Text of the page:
I don’t think that the comparison on the browser can generalised. First of all, MIE isn’t commercial, since you don’t pay for it as such. Secondly MIE 7 looks a lot better than MIE 6.
          But at the end you know that there is only one MIE, which makes it easier for me to support. How many clones and derivations of Firefox does there exist? Same thing for Linux. Do you get support from those who are building all these flavours? How can you provide support to your customers/users then? If you do want support, you need to pay like with RH and suddenly things aren’t that OS anymore.
          If you build an app for your users/customers, do you allow them to alter the code? If so, are you giving support, even for the code you didn’t write? And at the end, you want your pay slip at the end of the month, no?

          Open Source applications are not the synonym of quality, nor that ‘closed’ applications are, commercial or not.

          Eddy

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          1. I think thats the whole point of a community behind open source software. It is true that OSS software on its own doesnt mean everything is gonna be cheaper and easier but with a solid community behind an Open Source project often allows you to support all those niche areas.

            If you encourage your users to share the knowledge and experience, supporting software can become alot easier. Especially all the edited code, where the cmmercial organisation behind the project can stick to supporting the standard. Not that much different from SAP primary support and SDN.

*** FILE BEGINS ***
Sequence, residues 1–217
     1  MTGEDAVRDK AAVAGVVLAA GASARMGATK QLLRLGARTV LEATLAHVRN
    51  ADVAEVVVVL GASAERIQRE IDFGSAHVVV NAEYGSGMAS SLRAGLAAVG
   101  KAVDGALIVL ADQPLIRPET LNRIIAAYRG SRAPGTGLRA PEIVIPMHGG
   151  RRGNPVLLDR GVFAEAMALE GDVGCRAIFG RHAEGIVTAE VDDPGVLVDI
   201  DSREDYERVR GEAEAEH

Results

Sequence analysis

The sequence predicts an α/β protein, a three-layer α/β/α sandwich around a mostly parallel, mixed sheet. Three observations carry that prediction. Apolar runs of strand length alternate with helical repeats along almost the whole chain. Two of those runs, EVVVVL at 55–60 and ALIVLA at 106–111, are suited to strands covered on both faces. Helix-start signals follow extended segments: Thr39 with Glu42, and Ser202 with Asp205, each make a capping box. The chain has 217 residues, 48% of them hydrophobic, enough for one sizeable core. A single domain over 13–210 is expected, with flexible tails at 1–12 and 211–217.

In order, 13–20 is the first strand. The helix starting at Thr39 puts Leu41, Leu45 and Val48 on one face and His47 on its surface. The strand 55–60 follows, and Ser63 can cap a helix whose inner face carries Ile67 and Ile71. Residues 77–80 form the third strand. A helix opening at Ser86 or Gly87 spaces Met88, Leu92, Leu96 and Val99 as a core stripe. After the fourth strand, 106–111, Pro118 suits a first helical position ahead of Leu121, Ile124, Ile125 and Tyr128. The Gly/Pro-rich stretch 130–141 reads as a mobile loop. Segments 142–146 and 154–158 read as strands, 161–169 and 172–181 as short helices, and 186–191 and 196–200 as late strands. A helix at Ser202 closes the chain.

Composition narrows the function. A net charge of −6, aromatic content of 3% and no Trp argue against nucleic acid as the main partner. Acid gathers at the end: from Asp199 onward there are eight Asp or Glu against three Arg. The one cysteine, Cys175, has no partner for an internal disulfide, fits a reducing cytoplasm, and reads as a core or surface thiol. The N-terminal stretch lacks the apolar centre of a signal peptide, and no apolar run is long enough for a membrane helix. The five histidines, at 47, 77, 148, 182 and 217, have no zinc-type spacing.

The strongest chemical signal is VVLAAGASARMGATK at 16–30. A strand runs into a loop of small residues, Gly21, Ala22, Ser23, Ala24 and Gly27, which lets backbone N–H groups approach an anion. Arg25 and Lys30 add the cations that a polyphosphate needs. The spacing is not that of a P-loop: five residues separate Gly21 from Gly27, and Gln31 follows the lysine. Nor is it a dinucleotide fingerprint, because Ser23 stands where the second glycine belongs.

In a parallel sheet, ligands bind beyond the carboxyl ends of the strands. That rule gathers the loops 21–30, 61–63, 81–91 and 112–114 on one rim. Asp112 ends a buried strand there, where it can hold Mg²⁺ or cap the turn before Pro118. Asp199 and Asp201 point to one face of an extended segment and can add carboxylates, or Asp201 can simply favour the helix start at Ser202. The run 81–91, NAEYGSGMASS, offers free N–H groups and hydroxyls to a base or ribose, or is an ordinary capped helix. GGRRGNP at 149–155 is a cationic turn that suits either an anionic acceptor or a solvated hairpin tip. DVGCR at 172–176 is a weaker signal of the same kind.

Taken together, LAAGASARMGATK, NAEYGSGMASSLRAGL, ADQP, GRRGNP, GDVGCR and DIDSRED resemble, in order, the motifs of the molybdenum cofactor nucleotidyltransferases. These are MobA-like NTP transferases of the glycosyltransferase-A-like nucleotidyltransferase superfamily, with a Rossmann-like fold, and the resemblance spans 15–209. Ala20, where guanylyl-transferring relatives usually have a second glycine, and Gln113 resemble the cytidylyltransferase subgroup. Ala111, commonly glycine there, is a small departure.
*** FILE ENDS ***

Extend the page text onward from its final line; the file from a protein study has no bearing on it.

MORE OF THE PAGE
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            1. Guido Brune
              Hello,

              I think that Eddy’s article is about developing good software and not about at core about open source/commercial. 

              Unfortunately haven’t much expericiene with Open Source, but I have the feeling that the appoarch
              of developing Open Source e. g. more democratic involment and motivation for contribution is somehting  with is different from commerical software development process.

              I don’t know if is a FACT, but at least an opionion.

              All the best,

              Guido

              P. S.: The Quality Feedback assistent of Firefox
              is much more transparent than the one from MSFT.
              That’s a fact.